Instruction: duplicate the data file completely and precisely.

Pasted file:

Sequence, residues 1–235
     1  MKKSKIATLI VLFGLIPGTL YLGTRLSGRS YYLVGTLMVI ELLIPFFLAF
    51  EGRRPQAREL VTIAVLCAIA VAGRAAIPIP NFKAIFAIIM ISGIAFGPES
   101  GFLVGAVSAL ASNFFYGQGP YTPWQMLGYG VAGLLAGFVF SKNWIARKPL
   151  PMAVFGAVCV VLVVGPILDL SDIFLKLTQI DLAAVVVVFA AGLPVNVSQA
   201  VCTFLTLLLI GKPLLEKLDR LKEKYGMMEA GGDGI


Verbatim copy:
Sequence, residues 1–235
     1  MKKSKIATLI VLFGLIPGTL YLGTRLSGRS YYLVGTLMVI ELLIPFFLAF
    51  EGRRPQAREL VTIAVLCAIA VAGRAAIPIP NFKAIFAIIM ISGIAFGPES
   101  GFLVGAVSAL ASNFFYGQGP YTPWQMLGYG VAGLLAGFVF SKNWIARKPL
   151  PMAVFGAVCV VLVVGPILDL SDIFLKLTQI DLAAVVVVFA AGLPVNVSQA
   201  VCTFLTLLLI GKPLLEKLDR LKEKYGMMEA GGDGI